When the BRZ and its Toyota 86 sibling muscled their way into the sports car market people lauded Subaru for "finally building a sports car". While the BRZ is a cracker of a sports car, it wasn't Subaru's first attempt at building one.
Introduced to the world in 1985, Subaru’s first sports car went by many different names but had one central philosophy: bring new ideas to the sports car market. It was sold in front-wheel drive and all-wheel-drive layouts, with Subaru’s EA82 four-cylinder horizontally-opposed engines in aspirated and turbocharged formats later joined by their ER27 2.7-litre flat-six in some markets.
Subaru North America dubbed it the XT, while Australia and New Zealand tagged it the Vortex, and it was the Alcyone (named for the brightest star in the Pleiades constellation, which makes up Subaru’s logo) in Japan. And, in case you're wondering, it is pronounced "Al-SIGH-uh-nee".
The dramatic wedge shape hid many aerodynamic tricks to give one of the lowest aerodynamic drag figures of the time for a mass-market production car (0.29Cd), including deflectors to direct air around the wheels and tyres, retracting flush-mount door handles, and a single wiper that hid behind the bonnet (hood) cowl line.
Inside there was a super-futuristic aero-inspired cabin featuring such 80s radness as a single-spoke steering wheel, a full digital dashboard on turbo models, a pistol-grip shifter, and both tilt and telescope adjustment of the steering and instrument binnacle. But for all the high-tech gadgetry the Vortex wasn’t really a sports car.
The NA models had just 72kW from their 1.7-litre four-cylinder, while the turbocharger added 11kW to that score for a disappointingly pedestrian 83kW of tepid performance. Even the “big six” model only produced 108kW and its variable-ratio assistance hydraulic steering and suspension blunted the weight of the two-door coupe, making it more “grand tourer” than a “lithe sports car” like Mazda’s MX-5.
In 1992 the Vortex/XT/Alcyone was replaced by the new, even more tech-laden Alcyone SVX model (which stands for “Subaru Vehicle X”). By the early 1990s the 1980’s hard neon wedges were out and rounded, smooth jelly bean shapes were in. Basically, the SVX didn’t look like it been designed to keep doors open, though it did retain plenty of quirks.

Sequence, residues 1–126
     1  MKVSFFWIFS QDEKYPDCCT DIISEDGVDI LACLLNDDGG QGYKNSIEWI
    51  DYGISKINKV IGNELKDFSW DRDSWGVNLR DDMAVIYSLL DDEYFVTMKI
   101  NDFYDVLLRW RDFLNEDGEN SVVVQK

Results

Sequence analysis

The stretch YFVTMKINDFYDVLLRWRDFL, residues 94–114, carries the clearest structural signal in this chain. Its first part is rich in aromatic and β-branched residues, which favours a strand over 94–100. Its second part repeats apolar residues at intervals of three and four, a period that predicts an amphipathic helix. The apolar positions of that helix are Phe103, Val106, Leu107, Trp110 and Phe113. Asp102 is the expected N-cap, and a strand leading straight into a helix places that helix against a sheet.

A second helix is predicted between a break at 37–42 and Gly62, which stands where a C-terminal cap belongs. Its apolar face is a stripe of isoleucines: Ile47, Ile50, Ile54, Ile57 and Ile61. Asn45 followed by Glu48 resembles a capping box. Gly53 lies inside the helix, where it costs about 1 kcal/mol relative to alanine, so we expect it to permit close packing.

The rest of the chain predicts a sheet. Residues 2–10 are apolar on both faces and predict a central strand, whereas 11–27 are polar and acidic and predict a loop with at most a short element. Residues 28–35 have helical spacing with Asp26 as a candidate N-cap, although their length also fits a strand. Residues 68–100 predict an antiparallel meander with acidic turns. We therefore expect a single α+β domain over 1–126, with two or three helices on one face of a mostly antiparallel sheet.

The two-piece curved side windows aren’t great at the drive-thru but were genuine supercar style of the time and, depending on where you lived, you got one of two all-wheel-drive systems: either the active ACT-4, or the more advanced VTD which used a planetary centre differential.
Packing a 3.3-litre EG33 flat-six and an electronically controlled four-speed automatic the SVX – like its forebear – available in front- and all-wheel-drive. With 172kW it had far more poke than the Vortex’s engines but the 1600kg kerb weight and automatic transmission blunted performance to make the SVX more of a grand tourer.
Subaru even built a wagon (or “shooting brake” if you’re from the UK) concept called the Amadeus in both 2 and 4-door variants though this was never put into production. While the Vortex/XT models sold nearly 100,000 units in six years, only 25,000 SVXs found homes in its four-year run. Only 249 were sold new in Australia, in part due to the hugely expensive price tag of between $73,000-$83,000 making it almost as expensive as a brand new R32 GT-R Skyline!
All up the Vortex and SVX were expensive niche vehicles which didn’t set the sales charts on fire when new, but have found a cult following in the years since thanks to their advanced ideas and reflections of the era’s fashions.